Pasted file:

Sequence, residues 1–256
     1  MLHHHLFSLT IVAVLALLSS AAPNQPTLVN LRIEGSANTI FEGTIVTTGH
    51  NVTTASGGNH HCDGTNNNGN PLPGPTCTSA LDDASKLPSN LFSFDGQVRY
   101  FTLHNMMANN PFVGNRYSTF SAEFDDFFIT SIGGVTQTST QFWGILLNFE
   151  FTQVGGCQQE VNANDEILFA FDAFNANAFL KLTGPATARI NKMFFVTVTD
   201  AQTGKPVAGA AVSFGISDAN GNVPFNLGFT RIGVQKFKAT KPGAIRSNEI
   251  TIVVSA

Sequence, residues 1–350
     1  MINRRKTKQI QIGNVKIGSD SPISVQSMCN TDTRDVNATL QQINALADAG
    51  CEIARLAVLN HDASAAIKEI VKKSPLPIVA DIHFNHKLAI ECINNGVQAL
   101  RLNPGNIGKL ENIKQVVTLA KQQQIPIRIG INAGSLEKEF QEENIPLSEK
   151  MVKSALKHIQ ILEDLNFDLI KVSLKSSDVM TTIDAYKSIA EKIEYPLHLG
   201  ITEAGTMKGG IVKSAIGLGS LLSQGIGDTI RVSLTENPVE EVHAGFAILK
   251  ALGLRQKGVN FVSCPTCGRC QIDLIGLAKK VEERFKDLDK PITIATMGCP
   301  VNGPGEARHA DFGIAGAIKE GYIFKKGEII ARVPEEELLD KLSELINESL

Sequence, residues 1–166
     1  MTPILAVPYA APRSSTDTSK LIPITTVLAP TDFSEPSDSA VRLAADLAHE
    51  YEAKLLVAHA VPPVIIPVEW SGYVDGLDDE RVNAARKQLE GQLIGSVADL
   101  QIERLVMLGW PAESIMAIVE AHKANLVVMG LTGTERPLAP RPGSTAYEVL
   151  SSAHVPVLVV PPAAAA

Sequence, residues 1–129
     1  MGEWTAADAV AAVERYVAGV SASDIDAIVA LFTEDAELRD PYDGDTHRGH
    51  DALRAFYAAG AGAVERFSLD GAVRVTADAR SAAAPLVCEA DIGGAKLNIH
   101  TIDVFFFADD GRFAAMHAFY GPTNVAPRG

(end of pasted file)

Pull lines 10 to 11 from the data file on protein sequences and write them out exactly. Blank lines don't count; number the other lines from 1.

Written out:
    51  CEIARLAVLN HDASAAIKEI VKKSPLPIVA DIHFNHKLAI ECINNGVQAL
   101  RLNPGNIGKL ENIKQVVTLA KQQQIPIRIG INAGSLEKEF QEENIPLSEK